My website makes use of the letterpress look for headers. Didn’t realize it was such a popular trend…dang.

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  71. 72

    *Ahem* I don’t think the DrupalCon site uses PNG transparency.

    Just throwing that out there.

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  72. 73

    heather van de mark

    January 15, 2009 10:52 am

    loved the post, but i wonder if the term trends makes us go out and implement these visual strategies, no questions asked or imagination required. rather than if they were named as inspiration, perhaps then we’d use, manipulate and go beyond them… these will be in my head most definitely, but we should all strive to create new trends not live by them.

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  73. 74

    You rock smashing , Thanks

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  74. 75

    awesome.

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  75. 76

    Great article, looking forward to part 2, and expect the colour trends for 2009.
    But the most important thing is that many of these things are related to user experience. Nice to see that the websites are getting more and more focused on the user, and still looking great.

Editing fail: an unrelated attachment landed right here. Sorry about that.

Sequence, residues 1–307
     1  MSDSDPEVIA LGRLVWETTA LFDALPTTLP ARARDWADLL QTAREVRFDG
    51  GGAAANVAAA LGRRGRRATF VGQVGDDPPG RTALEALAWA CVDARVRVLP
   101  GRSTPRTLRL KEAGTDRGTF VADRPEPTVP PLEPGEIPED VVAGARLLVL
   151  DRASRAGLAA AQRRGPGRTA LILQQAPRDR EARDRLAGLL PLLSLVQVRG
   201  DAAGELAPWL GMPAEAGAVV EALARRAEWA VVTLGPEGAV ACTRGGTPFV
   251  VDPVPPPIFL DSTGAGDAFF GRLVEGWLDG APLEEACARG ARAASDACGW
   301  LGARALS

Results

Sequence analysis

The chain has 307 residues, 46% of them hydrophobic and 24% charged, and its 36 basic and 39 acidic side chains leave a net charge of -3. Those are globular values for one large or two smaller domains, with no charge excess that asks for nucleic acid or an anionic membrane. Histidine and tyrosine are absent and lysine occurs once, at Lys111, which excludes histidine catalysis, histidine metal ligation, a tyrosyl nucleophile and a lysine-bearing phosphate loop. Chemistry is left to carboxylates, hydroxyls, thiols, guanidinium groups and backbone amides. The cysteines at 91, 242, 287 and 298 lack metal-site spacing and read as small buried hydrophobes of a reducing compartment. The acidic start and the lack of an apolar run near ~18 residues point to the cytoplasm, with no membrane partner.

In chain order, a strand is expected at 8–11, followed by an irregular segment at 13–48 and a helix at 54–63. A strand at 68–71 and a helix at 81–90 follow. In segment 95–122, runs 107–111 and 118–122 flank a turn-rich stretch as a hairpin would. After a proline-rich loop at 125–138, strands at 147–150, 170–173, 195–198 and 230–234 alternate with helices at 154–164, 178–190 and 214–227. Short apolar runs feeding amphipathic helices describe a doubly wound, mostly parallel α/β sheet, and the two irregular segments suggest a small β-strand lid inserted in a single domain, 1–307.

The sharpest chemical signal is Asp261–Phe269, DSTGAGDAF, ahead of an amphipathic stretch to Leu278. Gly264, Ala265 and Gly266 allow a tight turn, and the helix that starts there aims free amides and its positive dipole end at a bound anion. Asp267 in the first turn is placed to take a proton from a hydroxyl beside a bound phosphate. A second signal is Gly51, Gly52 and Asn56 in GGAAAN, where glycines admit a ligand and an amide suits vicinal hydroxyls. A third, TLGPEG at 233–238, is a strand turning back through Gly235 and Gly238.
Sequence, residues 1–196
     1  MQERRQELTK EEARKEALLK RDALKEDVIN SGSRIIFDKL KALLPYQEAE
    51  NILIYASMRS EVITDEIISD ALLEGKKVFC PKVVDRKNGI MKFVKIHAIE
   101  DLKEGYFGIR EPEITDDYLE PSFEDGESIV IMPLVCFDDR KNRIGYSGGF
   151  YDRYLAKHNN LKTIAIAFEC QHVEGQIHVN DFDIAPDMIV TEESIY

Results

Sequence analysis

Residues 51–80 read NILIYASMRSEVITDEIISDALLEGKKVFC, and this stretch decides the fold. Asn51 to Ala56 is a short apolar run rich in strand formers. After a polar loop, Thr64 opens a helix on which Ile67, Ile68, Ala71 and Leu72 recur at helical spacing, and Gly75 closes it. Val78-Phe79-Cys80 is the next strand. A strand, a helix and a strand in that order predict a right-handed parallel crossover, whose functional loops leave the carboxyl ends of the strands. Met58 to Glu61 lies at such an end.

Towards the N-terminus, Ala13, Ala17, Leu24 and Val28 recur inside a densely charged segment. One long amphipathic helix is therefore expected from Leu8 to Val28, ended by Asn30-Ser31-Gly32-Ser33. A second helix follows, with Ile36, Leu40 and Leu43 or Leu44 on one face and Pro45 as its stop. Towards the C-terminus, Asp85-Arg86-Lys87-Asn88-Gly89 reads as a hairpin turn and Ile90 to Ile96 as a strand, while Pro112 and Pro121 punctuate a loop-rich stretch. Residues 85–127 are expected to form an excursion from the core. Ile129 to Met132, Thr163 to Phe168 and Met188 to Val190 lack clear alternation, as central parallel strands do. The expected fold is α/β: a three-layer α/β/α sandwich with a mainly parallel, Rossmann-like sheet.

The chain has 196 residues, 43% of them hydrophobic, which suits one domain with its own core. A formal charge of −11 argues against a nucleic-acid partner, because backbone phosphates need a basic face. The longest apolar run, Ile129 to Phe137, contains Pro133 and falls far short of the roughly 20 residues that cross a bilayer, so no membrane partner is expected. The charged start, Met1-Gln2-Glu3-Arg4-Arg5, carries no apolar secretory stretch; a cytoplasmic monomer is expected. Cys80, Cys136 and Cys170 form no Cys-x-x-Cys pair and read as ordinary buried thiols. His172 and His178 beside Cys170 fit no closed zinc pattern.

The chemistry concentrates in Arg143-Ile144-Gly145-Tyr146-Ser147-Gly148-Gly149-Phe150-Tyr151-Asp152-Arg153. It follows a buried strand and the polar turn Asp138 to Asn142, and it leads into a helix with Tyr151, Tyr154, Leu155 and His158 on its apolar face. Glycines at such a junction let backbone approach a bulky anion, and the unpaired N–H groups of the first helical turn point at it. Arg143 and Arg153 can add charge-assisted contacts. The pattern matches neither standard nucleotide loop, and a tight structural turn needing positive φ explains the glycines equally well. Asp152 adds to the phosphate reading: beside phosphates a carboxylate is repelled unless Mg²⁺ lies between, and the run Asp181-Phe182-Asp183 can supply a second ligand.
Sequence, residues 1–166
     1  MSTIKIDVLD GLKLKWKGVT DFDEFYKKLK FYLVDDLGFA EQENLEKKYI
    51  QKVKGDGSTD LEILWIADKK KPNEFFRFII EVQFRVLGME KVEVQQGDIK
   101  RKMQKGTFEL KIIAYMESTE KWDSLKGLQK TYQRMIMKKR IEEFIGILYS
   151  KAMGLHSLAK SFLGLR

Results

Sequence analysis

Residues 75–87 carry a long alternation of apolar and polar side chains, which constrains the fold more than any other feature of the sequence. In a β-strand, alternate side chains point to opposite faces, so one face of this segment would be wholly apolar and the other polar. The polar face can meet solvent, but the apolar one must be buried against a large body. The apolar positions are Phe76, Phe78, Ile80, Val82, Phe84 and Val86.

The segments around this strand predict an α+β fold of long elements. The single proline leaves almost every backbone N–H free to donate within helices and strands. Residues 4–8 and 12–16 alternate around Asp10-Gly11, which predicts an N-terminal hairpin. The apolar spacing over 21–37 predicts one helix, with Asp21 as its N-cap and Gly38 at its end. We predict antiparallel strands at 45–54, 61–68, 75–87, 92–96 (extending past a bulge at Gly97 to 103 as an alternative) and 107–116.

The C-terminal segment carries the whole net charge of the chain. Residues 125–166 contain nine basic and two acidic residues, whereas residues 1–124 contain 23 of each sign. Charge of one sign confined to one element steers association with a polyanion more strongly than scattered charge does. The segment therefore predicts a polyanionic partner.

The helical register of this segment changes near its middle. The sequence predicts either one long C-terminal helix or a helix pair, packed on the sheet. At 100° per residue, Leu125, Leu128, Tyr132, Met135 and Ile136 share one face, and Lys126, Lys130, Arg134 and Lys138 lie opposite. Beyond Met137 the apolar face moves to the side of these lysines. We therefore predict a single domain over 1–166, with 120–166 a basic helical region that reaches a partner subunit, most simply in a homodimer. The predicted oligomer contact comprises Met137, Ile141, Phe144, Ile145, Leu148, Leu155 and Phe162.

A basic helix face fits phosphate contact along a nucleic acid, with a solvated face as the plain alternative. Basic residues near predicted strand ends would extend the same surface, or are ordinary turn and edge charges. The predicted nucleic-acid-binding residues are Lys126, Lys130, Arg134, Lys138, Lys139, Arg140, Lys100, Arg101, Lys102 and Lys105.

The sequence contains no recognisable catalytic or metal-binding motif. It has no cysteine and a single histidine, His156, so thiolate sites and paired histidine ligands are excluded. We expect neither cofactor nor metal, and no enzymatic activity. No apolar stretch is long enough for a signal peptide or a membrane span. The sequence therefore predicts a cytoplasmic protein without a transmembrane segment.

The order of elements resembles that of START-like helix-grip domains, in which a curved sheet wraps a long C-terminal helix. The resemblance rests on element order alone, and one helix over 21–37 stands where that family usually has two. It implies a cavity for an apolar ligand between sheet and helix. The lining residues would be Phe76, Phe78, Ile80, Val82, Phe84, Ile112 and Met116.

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  76. 77

    I love all the designs on the list.

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  77. 78

    Beatifully design.
    thanks for sharing.
    you make me get some idea.

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  78. 79

    Random question, but what software made the video on the media boxes section (www.goodbarry.com). Is it straight Flash or is there a program that is outputting to Flash?

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  79. 80